Even if NBC declined, Trump was confident that building studios would be a good investment for his site. So he named it Television City.
Trump Created a Plan That Drew Excitement and Backlash
When the project was done, Trump would have a lot of apartments to fill; he needed to create excitement about the project to draw in buyers. Instead of waiting to promote the units until they were built, Trump wanted to start marketing them right away.
Trump wanted to construct the tallest building in the world, and he knew that would create the buzz he needed. His plans had the building at 150 stories and 1,670 feet tall.
Constructing a building taller than 50 stories generally costs so much that you’re better off building multiple shorter buildings. But in this case, Trump felt that the world’s tallest building would draw enough visitors and profits to justify the expense.
When Trump announced his plans for the site—including the residential units, the commercial and retail space, and the TV studios—the press jumped all over the prospect of the world’s tallest building. Trump had ignited the excitement he’d intended.
Backlash Created More Buzz
Naturally, some of the buzz about the world’s tallest building was negative.
Some felt that building a 150-story building was excessive. Others were convinced Trump wouldn’t be able to build it.
Some—including the New York Times architecture critic—didn’t like that the building would be such a departure from the style of the surrounding neighborhood. However, Trump viewed that as the building’s biggest selling point. Trump had faced the same resistance when he renovated the Commodore and covered the exterior in reflective glass, and most of the criticism ultimately turned around.
The backlash eventually died down, but in the meantime, it brought more attention to Trump’s tallest building in the world.
Trump Played the Game to Get What He Wanted
Progress was held up as Trump waited for the city to approve his proposal.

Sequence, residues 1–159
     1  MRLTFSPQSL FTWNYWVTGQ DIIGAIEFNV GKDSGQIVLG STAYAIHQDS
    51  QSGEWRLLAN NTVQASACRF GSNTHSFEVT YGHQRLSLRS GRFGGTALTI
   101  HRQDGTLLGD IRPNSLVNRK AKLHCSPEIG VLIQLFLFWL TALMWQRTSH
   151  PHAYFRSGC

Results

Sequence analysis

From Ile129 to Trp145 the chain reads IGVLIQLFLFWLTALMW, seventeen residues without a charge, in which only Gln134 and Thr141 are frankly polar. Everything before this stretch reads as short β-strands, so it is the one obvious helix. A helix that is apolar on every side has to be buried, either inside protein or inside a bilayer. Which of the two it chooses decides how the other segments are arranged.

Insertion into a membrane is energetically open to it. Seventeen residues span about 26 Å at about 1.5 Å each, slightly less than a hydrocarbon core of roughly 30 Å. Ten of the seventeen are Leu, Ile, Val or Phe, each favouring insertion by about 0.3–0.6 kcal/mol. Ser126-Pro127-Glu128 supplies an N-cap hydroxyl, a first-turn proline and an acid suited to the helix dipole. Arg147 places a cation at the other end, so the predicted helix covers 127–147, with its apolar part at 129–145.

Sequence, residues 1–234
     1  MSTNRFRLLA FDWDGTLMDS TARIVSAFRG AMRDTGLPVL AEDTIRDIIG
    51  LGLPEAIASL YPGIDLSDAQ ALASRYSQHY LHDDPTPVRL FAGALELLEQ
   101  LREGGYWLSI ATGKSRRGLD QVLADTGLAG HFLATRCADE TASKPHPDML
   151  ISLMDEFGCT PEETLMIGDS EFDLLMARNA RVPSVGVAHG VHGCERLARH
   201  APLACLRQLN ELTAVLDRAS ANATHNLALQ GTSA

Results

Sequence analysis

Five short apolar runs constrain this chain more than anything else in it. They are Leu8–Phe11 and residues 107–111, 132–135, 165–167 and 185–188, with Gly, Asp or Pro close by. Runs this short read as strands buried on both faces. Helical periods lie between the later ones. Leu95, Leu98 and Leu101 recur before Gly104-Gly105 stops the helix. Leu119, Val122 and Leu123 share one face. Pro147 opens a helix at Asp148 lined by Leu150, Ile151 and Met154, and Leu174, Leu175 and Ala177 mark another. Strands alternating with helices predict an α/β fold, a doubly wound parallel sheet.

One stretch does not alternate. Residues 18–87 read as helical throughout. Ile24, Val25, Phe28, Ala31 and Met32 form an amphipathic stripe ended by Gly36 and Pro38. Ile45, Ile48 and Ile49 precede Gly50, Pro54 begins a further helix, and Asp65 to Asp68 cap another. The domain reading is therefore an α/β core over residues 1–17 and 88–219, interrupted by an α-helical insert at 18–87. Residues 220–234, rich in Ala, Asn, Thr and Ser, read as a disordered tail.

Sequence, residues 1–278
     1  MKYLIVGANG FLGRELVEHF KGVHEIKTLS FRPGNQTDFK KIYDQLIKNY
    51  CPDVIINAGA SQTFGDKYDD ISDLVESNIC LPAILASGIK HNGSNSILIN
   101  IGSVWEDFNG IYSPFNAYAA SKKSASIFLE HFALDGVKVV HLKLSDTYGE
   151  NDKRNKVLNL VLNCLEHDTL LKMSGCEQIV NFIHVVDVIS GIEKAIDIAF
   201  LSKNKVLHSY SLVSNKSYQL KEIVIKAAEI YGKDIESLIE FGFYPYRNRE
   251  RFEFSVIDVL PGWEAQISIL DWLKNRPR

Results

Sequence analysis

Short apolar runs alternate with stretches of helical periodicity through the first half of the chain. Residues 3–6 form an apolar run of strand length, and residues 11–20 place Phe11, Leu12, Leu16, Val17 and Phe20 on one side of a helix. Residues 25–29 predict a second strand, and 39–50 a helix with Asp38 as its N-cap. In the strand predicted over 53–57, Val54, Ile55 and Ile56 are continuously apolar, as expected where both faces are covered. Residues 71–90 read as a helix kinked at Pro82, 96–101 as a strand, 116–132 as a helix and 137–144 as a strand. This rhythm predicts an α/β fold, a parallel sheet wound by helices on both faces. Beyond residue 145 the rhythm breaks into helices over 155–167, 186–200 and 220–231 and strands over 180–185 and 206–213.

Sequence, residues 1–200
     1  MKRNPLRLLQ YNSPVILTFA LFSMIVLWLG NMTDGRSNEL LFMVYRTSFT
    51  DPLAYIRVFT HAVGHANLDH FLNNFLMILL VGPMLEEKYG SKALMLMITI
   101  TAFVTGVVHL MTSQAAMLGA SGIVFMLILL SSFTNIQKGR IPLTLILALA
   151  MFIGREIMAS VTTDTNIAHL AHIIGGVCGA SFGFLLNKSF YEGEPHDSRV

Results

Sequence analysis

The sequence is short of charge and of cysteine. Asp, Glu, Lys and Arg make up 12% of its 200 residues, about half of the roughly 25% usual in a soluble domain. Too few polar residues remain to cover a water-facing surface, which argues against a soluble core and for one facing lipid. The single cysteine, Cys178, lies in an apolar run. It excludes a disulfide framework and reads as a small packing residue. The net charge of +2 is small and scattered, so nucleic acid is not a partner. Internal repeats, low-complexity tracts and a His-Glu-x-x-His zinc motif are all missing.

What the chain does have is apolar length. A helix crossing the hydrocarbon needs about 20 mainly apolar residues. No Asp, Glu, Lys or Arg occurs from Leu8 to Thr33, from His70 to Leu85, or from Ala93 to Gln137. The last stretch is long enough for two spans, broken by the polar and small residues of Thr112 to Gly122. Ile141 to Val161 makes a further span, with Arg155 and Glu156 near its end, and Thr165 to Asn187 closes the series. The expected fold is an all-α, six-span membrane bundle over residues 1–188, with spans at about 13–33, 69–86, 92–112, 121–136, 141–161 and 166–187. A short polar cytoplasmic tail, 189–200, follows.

The City Planning Commission wanted Trump to add several features to his project, including more waterfront access, street extensions, and a relocation of the world’s tallest building farther south.
Trump would fight for his plans, but he also understood he needed to negotiate.
Trump replaced his outside-the-box architect with one who had a track record as an urban planner and had even served on the planning commission. The architect added features to please the city while largely keeping the same total square footage, and the commission responded more positively.
Trump Held Out for What He Wanted
As Trump courted NBC to move to Television City, the network was still considering a site in New Jersey.
NBC was projected to save as much as $2 billion over 20 years if it moved to New Jersey instead of staying in New York. Trump needed the city to approve a tax abatement in order to make NBC a competitive offer.
In a gamble to get the city to sign off, Trump proposed that he’d build NBC’s headquarters in Television City, subsidize its rent for 30 years, and give the city a quarter of Television City’s profits for 40 years. He’d be paying tens of millions a year, and he asked for a 20-year tax abatement on the entire property in exchange.
After weeks of negotiations, the city refused.
A battle ensued between Trump and Mayor Koch that was similar to what happened at Wollman Rink: Trump wrote Koch a letter saying that the city was essentially allowing NBC to leave and, again, Koch responded in a way that further pitted himself against Trump.
The press weighed in, some supporting the mayor and others backing Trump. Ultimately, Trump decided to wait to move forward on the project until he could get the zoning approvals he wanted—regardless of NBC’s decision. At the time of publication, he was still waiting.
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Like what you just read? Read the rest of the world's best book summary and analysis of Donald J. Trump's "The Art of the Deal" at Shortform.
Here's what you'll find in our full The Art of the Deal summary:
- What Donald Trump says about his early life before the White House
- The 11 principles Trump says guided his business decisions
- How the West Side rail yards project proved to be a challenge for Trump